Listening to pundits and politicians, you'd think that the relationship between violent video games and aggressive behavior in children is clear. Children who play violent video games are more likely to be socially isolated and have poor interpersonal skills. Violent games can trigger real-world violence. The best way to protect our kids is to keep them away from games such as Grand Theft Auto that are rated M for Mature. Right? Wrong. In fact, many parents are worried about the wrong things! In 2004, Lawrence Kutner, PhD, and Cheryl K. Olson, ScD, cofounders and directors of the Harvard Medical School Center for Mental Health and Media, began a $1.5 million federally funded study on the effects of video games. In contrast to previous research, their study focused on real children and families in real situations. What they found surprised, encouraged and sometimes disturbed them: their findings conform to the views of neither the alarmists nor the video game industry boosters. In Grand Theft Childhood: The Surprising Truth about Violent Video Games and What Parents Can Do, Kutner and Olson untangle the web of politics, marketing, advocacy and flawed or misconstrued studies that until now have shaped parents' concerns. Instead of offering a one-size-fits-all prescription, Grand Theft Childhood gives the information you need to decide how you want to handle this sensitive issue in your own family. You'll learn when -- and what kinds of -- video games can be harmful, when they can serve as important social or learning tools and how to create and enforce game-playing rules in your household. You'll find out what's really in the games your children play and when to worry about your children playing with strangers on the Internet. You'll understand how games are rated, how to make best use of ratings and the potentially important information that ratings don't provide. Grand Theft Childhood takes video games out of the political and media arenas, and puts parents back in control. It should be required reading for all families who use game consoles or computers. Almost all children today play video or computer games. Half of twelve-year-olds regularly play violent, Mature-rated games. And parents are worried...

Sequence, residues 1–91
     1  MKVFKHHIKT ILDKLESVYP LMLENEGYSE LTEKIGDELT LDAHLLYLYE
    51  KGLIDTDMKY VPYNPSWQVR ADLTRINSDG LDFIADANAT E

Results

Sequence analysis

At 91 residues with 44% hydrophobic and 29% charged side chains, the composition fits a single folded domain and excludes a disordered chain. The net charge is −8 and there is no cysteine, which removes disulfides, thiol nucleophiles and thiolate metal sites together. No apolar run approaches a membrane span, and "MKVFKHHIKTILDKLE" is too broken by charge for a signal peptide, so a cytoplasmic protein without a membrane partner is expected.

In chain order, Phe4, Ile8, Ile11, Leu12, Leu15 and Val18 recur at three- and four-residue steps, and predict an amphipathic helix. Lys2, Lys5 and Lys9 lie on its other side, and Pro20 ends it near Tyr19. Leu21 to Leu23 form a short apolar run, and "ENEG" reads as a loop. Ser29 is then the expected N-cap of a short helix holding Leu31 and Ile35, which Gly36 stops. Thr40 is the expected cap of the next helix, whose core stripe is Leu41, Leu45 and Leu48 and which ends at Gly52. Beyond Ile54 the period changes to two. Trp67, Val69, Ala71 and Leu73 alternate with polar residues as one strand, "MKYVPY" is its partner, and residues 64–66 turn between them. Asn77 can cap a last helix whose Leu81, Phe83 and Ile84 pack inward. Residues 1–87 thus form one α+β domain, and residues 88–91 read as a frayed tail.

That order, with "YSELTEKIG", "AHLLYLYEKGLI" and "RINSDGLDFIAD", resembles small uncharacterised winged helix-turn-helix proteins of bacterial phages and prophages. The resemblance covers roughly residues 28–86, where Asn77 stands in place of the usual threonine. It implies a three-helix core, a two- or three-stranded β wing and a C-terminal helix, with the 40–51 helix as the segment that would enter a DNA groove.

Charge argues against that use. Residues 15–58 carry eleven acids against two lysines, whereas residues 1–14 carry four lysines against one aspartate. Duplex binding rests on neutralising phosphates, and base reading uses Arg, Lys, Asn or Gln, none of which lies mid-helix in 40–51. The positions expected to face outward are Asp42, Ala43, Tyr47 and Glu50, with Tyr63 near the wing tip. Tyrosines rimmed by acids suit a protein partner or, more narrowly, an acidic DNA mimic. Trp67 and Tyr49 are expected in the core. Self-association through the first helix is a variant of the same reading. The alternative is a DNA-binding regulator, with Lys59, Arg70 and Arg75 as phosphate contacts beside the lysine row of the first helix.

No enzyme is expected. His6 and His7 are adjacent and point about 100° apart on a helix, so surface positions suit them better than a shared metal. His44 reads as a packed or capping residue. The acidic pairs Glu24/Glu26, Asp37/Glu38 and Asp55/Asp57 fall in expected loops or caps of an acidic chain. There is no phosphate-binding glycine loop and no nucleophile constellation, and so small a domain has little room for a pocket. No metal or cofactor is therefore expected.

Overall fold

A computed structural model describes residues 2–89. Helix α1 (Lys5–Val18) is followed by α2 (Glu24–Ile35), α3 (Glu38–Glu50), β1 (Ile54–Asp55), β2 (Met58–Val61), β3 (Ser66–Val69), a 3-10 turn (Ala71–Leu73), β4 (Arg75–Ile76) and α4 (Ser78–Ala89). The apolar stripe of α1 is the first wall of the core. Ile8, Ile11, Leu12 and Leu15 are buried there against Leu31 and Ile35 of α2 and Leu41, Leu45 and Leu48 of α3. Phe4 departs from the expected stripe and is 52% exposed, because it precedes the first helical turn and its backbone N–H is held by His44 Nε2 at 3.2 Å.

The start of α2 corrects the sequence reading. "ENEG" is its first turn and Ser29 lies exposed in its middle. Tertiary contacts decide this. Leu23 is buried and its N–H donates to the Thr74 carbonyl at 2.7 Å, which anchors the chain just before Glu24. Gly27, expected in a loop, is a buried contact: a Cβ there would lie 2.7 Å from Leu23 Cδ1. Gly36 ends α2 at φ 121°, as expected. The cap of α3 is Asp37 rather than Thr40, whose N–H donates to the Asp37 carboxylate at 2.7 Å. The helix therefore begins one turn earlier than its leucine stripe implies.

"I don't know if it's an addiction, but my son is just glued to it. It's the same with my daughter with her computer...and I can't be watching both of them all the time, to see if they're talking to strangers or if someone is getting killed in the other room on the PlayStation. It's just nerve-racking!"
"I'm concerned that this game playing is just the kid and the TV screen...how is this going to affect his social skills?"
"I'm not concerned about the violence; I'm concerned about the way they portray the violence. It's not accidental; it's intentional. They're just out to kill people in some of these games." What should we as parents, teachers and public policy makers be concerned about? The real risks are subtle and aren't just about gore or sex. Video games don't affect all children in the same way; some children are at significantly greater risk. (You may be surprised to learn which ones!) Grand Theft Childhood gives parents practical, research-based advice on ways to limit many of those risks. It also shows how video games -- even violent games -- can benefit children and fa